• For some objects, the bottom of the right sidebar contains the Project schema

Project Directory

The Project directory is the navigation area of the workspace. At the top is the + Add dropdown which is where you can add files to the project, link datasets to it, add posts or insights, and add new SQL or SPARQL queries.


Below the + Add button are a link to the Home tab, and the main project files (Project summary and Data dictionary). Information about the project summary and the data dictionary can be found in the articles Description and Summary, and Data dictionary.

The next section of the Project directory is for project files. Project files are any data resources uploaded or saved directly to the Project--not to a dataset.

Below the project files are connected datasets. The datasets used in this project may also be used in and linked to other projects. When there are changes to the underlying dataset, all projects using the dataset also update. All files and queries associated with a dataset are linked to the project and can be used in it:


More information on how to create a dataset is in the article on creating a dataset.

The last two sections of the project directory, queries and insights, are also specific to the project. The Queries section contains all the stored queries in the project. Learn how to write and use queries in Query data of the . We also have a SQL tutorial and a SPARQL tutorial to help you learn or improve your query language skills.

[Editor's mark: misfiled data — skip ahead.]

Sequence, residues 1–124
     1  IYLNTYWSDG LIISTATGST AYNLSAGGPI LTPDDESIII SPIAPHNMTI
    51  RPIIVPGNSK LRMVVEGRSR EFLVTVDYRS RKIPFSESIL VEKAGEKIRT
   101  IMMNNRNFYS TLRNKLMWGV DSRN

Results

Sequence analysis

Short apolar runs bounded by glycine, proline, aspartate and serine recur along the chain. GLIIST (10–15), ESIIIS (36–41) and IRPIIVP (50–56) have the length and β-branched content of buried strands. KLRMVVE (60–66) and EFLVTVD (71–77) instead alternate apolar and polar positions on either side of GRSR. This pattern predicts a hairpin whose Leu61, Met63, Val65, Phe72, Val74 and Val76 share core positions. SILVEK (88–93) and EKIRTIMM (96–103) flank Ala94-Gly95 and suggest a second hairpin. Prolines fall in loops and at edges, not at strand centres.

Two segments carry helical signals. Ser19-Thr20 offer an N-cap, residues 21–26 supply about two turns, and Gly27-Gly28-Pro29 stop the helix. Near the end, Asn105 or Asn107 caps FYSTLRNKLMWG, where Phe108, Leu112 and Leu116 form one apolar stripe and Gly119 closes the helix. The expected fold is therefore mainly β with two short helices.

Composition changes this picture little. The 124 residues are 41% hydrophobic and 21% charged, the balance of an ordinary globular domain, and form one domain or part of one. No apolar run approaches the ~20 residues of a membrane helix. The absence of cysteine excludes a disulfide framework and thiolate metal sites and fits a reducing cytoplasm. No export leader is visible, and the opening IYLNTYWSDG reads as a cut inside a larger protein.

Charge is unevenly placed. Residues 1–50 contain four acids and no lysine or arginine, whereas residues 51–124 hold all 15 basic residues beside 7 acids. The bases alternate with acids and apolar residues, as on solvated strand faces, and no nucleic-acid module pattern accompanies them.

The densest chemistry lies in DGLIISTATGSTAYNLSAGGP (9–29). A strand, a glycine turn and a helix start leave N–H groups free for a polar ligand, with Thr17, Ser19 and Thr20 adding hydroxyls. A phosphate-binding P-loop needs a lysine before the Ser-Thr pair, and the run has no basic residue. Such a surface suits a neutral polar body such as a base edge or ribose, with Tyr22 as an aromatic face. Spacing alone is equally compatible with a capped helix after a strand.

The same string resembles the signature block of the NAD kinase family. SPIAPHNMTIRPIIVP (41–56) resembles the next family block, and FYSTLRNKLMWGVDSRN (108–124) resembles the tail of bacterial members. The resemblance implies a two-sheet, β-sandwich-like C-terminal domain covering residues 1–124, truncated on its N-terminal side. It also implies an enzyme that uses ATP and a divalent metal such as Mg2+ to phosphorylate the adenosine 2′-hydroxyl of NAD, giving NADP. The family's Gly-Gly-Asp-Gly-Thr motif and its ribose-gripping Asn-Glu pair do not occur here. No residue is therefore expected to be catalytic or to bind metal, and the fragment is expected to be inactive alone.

Insights are findings, conclusions, or interesting points for discussion about your project. They allow you to capture conclusions from your work, packaging them up in a way that quickly communicates a nugget of information, while giving the viewer the tools they need to dig down into your methods and sources. See Posting insights for details on insights.

Tabs and actions

Screen_Shot_2019-08-16_at_9.21.28_AM.pngWhenever you select an object or the + Add button from the Project directory, a new tab opens up under the header bar with a preview of that object. Underneath the tabs are an icon indicating what type of object is shown (the name of the object shown and to the right of the name are any actions that can be taken with that object. and whether it is shared with all users of the project or private only to you. Further to the right is a link to create a new query template, or parameterized query. You can learn more about parameterized queries from the article Using query templates. The last arrow icon is used to either expand or collapse the about and project schema panel. For more information about query-specific actions, see the article Query data.

Object viewer